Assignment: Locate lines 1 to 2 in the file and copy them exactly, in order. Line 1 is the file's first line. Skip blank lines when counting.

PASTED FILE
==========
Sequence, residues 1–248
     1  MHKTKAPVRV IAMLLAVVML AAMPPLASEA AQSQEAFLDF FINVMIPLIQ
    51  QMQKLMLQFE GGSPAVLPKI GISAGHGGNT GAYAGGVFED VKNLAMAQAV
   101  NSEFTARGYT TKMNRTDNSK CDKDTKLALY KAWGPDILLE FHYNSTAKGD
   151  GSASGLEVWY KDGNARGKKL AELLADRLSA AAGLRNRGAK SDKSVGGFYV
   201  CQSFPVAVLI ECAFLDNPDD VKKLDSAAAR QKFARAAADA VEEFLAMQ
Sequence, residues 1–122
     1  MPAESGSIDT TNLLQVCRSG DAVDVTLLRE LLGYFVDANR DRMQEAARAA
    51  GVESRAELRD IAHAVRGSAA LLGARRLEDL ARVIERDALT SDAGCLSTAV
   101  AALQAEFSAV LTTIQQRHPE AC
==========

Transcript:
Sequence, residues 1–248
     1  MHKTKAPVRV IAMLLAVVML AAMPPLASEA AQSQEAFLDF FINVMIPLIQ